Pulmonary Renal syndrome (PRS), in a simple language, can be understood as a condition that affects both lungs and kidneys. It is not a disease per se, but a condition that results due to multiple autoimmune diseases. Auto-immune diseases are those where our body’s own cells of immunity attack tissues and organs of it’s own. PRS is a medical emergency that needs prompt diagnosis and rigorous management in the I.C.U.
What are the conditions that cause PRS?
Diseases that cause Pulmonary Renal Syndrome can be characterized as:
- Connective Tissue Disorders: Polymyositis or Dermatomyositis (Conditions in which the muscles or skin get inflamed), Rheumatoid Arthritis (Disease in which the joints become painful or deformed), Systemic Lupus Erythematosus (A Chronic Inflammatory Condition).
- Goodpasture Syndrome: A raredisease which can involve lung disease and a quickly worsening kidney.
- Systemic Vasculitis: Behçet Syndrome, Churg-Strauss Syndrome, Microscopic Polyarteritis and Granulomatosis with Polyangiitis (Diseases in which there is inflammation of blood vessels)
- Renal Disorders: Idiopathic Immune Complex Glomerulonephritis, IgA Nephropathy, Rapidly Progressive Glomerulonephritis with Heart Failure (Diseases in which the glomerulus of the kidney is damaged. The glomerulus is a bunch of small blood vessels around the end of a kidney tubule.)
What goes wrong?
The chief areas of affection in Pulmonary Renal Syndrome are:
a) Blood vessels, capillaries and alveoli of the lung: Alveoli are the units in the lung which are responsible for exchange of gases and purifying blood. Antibodies attack these units along with the blood vessels and capillaries causing bleeding. In medical terminology it is referred to as diffuse alveolar hemorrhage.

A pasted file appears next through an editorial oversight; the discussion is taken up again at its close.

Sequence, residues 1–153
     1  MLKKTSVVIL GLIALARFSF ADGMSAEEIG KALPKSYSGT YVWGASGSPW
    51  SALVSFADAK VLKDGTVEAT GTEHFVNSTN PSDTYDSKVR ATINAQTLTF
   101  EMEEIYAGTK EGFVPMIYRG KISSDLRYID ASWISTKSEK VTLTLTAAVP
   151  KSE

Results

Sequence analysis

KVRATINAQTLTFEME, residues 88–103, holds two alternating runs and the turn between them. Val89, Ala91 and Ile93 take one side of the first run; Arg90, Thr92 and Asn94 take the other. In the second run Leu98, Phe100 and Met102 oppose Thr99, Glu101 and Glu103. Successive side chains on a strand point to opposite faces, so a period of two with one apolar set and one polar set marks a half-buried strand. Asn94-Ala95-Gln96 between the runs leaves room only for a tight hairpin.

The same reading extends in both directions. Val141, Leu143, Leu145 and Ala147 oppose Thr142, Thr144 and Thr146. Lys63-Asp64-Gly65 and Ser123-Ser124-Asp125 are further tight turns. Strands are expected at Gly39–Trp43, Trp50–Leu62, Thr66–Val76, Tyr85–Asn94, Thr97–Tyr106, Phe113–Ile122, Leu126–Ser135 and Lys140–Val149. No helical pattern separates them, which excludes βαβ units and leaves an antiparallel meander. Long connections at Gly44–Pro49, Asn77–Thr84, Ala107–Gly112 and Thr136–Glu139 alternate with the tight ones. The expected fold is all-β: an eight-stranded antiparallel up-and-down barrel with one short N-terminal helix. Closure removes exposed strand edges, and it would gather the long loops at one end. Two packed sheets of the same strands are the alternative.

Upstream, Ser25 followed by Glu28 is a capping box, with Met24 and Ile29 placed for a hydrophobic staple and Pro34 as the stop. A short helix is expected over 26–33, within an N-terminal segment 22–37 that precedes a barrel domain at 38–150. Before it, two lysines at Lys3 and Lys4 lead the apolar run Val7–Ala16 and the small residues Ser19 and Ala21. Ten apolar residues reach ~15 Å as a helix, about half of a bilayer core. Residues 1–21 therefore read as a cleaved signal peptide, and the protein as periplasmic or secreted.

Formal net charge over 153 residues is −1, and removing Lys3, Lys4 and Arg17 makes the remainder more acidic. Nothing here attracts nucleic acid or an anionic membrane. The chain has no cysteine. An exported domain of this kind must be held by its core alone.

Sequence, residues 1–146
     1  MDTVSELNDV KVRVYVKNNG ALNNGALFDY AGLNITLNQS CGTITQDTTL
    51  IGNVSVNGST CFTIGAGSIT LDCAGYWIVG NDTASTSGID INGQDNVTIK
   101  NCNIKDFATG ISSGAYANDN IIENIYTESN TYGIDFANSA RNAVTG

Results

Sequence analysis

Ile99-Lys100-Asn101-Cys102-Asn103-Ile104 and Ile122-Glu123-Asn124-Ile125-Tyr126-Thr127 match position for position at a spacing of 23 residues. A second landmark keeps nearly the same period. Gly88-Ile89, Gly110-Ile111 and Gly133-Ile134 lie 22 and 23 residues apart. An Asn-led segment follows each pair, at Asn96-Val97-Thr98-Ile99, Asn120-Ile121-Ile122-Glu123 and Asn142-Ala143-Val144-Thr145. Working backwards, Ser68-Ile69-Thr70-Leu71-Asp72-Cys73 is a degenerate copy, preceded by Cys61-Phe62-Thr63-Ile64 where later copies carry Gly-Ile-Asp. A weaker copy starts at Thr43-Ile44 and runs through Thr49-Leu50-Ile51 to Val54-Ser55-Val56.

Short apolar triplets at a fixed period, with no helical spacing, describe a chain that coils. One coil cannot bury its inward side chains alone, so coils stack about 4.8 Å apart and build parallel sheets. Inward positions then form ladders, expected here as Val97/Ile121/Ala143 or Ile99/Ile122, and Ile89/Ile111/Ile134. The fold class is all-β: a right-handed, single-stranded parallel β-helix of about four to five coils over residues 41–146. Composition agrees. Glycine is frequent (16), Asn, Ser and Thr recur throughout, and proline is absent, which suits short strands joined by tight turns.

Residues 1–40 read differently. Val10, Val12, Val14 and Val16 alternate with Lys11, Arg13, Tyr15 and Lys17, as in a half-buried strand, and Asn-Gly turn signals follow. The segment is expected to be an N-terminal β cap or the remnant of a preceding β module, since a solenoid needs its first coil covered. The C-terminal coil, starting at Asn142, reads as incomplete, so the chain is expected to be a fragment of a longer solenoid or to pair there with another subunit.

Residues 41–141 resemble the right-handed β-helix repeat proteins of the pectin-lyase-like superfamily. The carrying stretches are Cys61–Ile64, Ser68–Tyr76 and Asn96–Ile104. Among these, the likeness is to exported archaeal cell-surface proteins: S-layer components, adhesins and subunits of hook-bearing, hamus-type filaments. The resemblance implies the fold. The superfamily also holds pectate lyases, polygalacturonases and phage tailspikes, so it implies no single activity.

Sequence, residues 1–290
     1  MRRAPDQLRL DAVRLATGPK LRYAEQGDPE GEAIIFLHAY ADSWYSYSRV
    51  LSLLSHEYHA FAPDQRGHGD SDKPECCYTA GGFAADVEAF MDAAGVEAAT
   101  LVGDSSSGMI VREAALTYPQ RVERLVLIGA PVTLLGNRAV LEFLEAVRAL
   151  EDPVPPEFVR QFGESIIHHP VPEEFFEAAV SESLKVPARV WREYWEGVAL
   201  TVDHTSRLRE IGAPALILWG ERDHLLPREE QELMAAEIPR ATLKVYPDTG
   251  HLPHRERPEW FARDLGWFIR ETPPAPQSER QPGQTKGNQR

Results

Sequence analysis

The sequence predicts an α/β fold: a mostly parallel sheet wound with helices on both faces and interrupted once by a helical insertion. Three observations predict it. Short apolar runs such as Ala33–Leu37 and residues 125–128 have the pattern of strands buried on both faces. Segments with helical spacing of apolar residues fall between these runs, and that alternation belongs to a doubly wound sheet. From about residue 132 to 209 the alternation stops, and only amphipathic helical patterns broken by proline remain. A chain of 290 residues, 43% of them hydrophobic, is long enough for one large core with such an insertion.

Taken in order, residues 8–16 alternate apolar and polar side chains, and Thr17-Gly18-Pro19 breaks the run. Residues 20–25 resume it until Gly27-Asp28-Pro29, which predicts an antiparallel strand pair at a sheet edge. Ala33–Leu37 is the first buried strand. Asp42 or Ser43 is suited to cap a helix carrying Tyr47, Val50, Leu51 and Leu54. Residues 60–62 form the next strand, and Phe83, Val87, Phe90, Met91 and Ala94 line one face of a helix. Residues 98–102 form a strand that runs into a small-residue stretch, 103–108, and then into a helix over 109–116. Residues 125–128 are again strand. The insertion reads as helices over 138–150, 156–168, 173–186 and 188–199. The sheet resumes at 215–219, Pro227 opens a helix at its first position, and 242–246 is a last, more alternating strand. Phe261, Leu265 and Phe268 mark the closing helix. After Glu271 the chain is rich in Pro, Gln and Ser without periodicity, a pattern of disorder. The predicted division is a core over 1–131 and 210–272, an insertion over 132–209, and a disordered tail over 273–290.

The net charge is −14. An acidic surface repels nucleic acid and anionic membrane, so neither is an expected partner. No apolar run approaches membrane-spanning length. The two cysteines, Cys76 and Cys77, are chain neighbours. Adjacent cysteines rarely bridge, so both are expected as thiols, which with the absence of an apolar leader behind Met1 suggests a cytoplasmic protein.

b) Glomerular apparatus: Glomerules are the filtration units in the kidney. They play a major role in filtration of blood and formation of urine. They help to retain the proteins and salts required by the body and flush out the waste products. In PRS, antibodies attack these units resulting in a condition called as focal segmental proliferative glomerulonephritis.
What are the signs and symptoms?
Kidneys and lungs could be affected together or weeks apart. Hence, the symptoms and signs that resurface indicate the malfunction of either the kidneys or the lungs or both. Some of the presenting symptoms are:
- Blood in sputum (hemoptysis)
- Pink or cola-colored urine indicating blood in urine (hematuria)
- Foamy urine indicating excess protein (proteinuria)
- High Blood Pressure (hypertension)
- Swelling in your face, hands, feet or abdomen.
- Anemia or kidney failure resulting in tiredness.
How is Pulmonary Renal Syndrome diagnosed?
PRS is suspected when blood is present in sputum in absence of other conditions that are known to cause it. Mostly this is accompanied by findings suggestive of kidney disease.
Following steps are followed to diagnose and assess the extent of pathology:
- The first step getting the urine tested. The presence of red cell casts indicate glomerulonephritis.
- Serum creatinine is checked to assess the kidney functioning.
- Routine CBC is done to check for anemia.
- Antibodies in the blood can be tested to diagnose the causative disease such as Anti Glomerular basement membrane antibodies (for Goodpasture syndrome), Antibodies to dsDNA and reduced serum complement levels (for SLE), ANCA (for Granulomatosis with polyangiitis), ANCA to myeloperoxidase (for Microscopic polyangiitis)
- A sample of tissue is taken from the Lung for findings of small-vessel vasculitis and Kidney for findings of glomerulonephritis to confirm the diagnosis of PRS (called Lung & Kidney Biopsy).
How is PRS treated?
The root cause of PRS is the imbalance in the immunity and the antibodies resulting from the same. Hence, the cornerstone of the treatment in modern medicine is to suppress the immunity in order to control the condition and treat the underlying disease. The most common drugs used for immunosuppression are corticosteroids and cyclophosphamide. Some cases may require plasma exchange.
After the life-threatening condition subsides, maintenance therapy with low dose corticosteroids and cytotoxic agents is continued for another 6 to 12 months. However, relapse may occur despite ongoing therapy.
Homoeopathy offers a supportive role in the treatment of Pulmonary Renal Syndrome in addition to conventional treatment. Contact us today to know how Homoeopathy can help your Pulmonary Renal Syndrome.